Cybistax antisyphilitica

Cybistax antisyphilitica

Bignonia quinquefolia (Cybistax antisyphilitica (Mart.) Martius.) Is an arboreal species belonging to the Bignoniaceae family.

Systematic –
From a systematic point of view it belongs to the Eukaryota Domain, Kingdom Plantae, Subregion Tracheobionta, Superdivision Spermatophyta, Division Magnoliophyta, Class Magnoliopsida, Subclass Asteridae, Order Scrophulariales, Family Bignoniaceae and therefore to the Genus Cybistax and to the Species B. antisyphilitica.
The terms are synonymous:
– Bignonia antisyphilitica Mart .;
– Bignonia quinquefolia Vell .;
– Bignonia rivularis DC .;
– Bignonia viridiflora Lodd .;
– Cybistax coriacea Corr.Méllo ex Stellfeld;
– Cybistax intermedia Corr.Méllo;
– Cybistax quinquefolia (Vell.) J.F. Macbr .;
– Cybistax sprucei K. Schum .;
– Cybistax subtomentosa K. Schum .;
– Cybistax tinctoria (Spruce) Tittel;
– Phryganocydia antisyphilitica Mart. ex DC .;
– Yangua tinctoria Spruce.

Etymology –
The term Cybistax is of unclear origin.
The specific antisyphilitica epithet comes from the Greek ἀντί antí and from the modern medical Latin syphilis syphilis: useful plant in the treatment against syphilis.

Geographical Distribution and Habitat –
Cybistax antisyphilitica is a plant native to a range that includes South America and in particular northern Argentina, Paraguay, Bolivia, Brazil, Peru, Ecuador and Suriname.
Its habitat is that of scrub areas and, only occasionally, within dense primary forests, where it grows at altitudes ranging from sea level (commonly from 300 meters upwards) up to 2,000 meters.

Description –
Cybistax antisyphilitica is a semi-deciduous tree that grows 6 – 12 meters in height. The trunk has a diameter of 30 – 40 cm and the wood is fine-grained, light in color, good in the construction of furniture.
The leaves are greyish green, opposite, palmate.
In early spring, the plants carry, at the ends of the ram, showy clusters of bright yellow funnel-shaped flowers, 2–2.5 cm wide.
The pods are 25-50 cm long, straight, hanging and brown with, inside, thin and flat seeds.
The seeds have structures that allow them to be dispersed.

Cultivation –
This plant is grown for its leaves in the Peruvian Andes.
It adapts to subtropical or tropical areas up to 2,000 meters.
It prefers a sunny position and sandy and rocky soils with good drainage.
Propagation is done by sowing. The seeds, as soon as they mature, are placed, if possible, in a seedbed or in individual containers. Germination rates are typically above 60%, with the seeds sprouting within 15-25 days. The seedlings grow slowly, taking 5-6 months before they are ready for transplanting.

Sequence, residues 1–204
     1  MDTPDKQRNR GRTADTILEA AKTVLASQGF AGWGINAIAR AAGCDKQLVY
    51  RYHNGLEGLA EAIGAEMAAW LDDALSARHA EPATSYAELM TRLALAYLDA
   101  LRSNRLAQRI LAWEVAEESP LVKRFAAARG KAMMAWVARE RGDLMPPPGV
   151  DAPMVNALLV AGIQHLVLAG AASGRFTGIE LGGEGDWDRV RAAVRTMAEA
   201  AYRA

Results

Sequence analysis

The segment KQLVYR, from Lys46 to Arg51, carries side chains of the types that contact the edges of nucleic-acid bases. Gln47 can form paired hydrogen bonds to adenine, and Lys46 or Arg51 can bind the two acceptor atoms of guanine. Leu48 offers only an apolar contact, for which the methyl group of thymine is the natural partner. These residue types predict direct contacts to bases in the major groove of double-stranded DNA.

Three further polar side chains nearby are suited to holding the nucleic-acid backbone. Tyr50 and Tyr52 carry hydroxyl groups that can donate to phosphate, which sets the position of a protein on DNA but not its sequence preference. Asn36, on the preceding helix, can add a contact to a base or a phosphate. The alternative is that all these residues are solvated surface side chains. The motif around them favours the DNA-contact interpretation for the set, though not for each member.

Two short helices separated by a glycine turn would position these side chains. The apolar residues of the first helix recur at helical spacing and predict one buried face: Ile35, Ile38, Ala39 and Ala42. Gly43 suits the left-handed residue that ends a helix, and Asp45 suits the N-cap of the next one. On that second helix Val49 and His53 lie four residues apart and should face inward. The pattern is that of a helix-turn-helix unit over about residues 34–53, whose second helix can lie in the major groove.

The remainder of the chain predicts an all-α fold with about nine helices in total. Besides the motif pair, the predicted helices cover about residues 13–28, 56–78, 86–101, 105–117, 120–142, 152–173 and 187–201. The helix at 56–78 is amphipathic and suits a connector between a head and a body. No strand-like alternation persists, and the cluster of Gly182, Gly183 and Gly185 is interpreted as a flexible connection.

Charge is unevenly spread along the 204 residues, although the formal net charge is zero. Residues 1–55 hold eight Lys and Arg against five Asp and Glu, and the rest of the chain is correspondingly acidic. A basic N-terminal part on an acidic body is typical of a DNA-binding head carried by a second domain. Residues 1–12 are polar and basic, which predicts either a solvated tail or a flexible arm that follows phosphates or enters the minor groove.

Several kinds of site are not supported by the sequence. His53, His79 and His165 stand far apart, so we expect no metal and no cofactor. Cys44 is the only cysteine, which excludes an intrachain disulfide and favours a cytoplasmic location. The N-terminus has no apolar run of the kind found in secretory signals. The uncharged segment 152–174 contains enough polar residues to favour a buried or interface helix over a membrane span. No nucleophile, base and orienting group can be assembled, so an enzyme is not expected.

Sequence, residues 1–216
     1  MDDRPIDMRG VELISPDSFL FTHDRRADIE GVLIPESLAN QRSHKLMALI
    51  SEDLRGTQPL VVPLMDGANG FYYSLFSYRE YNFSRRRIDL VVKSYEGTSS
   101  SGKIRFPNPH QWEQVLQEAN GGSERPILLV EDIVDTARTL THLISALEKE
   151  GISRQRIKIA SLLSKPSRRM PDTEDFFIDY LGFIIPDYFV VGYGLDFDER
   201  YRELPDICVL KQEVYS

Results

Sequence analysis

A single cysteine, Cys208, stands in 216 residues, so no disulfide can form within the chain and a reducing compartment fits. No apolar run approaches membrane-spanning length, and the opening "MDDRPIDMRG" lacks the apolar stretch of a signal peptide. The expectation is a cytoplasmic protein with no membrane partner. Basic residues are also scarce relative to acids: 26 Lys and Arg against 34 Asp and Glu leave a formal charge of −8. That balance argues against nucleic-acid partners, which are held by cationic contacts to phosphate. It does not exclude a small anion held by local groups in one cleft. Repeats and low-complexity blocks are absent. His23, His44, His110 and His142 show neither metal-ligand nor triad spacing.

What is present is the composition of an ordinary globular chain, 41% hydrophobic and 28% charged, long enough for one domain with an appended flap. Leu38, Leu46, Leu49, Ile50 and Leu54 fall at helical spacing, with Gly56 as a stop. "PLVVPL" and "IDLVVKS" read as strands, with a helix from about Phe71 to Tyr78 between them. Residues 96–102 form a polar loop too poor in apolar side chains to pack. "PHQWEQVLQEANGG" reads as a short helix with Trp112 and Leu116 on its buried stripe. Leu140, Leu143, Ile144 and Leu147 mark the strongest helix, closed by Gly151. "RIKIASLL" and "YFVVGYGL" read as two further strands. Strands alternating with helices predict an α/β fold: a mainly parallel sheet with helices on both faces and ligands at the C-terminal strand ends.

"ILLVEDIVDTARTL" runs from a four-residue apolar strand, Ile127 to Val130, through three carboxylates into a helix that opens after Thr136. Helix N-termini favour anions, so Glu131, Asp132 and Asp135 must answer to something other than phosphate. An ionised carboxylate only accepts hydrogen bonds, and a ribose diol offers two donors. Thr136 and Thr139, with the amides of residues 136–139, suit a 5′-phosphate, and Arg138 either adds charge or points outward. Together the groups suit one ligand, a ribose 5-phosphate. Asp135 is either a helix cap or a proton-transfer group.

Transplanting the seedlings from the seedbed to the individual containers should be done when they are 5-6 cm high.
Young plants grow quite slowly, not exceeding a height of 2.5 meters after 2 years.

Uses and Traditions –
Cybistax antisyphilitica is the only species of the genus Cybistax.
The plant has been, since ancient times, a Brazilian folk remedy as an emeto-cathartic, alterative and tonic in the treatment of syphilis and for the jaws.
In particular, the bark and young branches are considered antisyphilitic, purifying and stimulating; they are also used to treat urinary retention and edema.
A blue dye is obtained from the leaves of this plant, as a substitute for indigo.
The light colored wood has a fine texture and a light to moderately heavy weight. It is considered suitable for general constructions, internal applications, lathes, general carpentry, packing cases and as a source of fiber for writing paper.

Preparation method –
The bark and young branches of this plant are used, with various procedures, linked to the various popular traditions, as a remedy for various diseases.

Guido Bissanti

Sources
– Acta Plantarum – Flora of the Italian Regions.
– Wikipedia, the free encyclopedia.
– Treben M., 2000. Health from the Lord’s Pharmacy, Tips and experiences with medicinal herbs, Ennsthaler Editore
– Pignatti S., 1982. Flora of Italy, Edagricole, Bologna.
– Conti F., Abbate G., Alessandrini A., Blasi C. (edited by), 2005. An annotated checklist of the Italian vascular flora, Palombi Editore.

Warning: Pharmaceutical applications and alimurgical uses are indicated for information purposes only, they do not in any way represent a medical prescription; therefore, no responsibility is accepted for their use for healing, aesthetic or food purposes.

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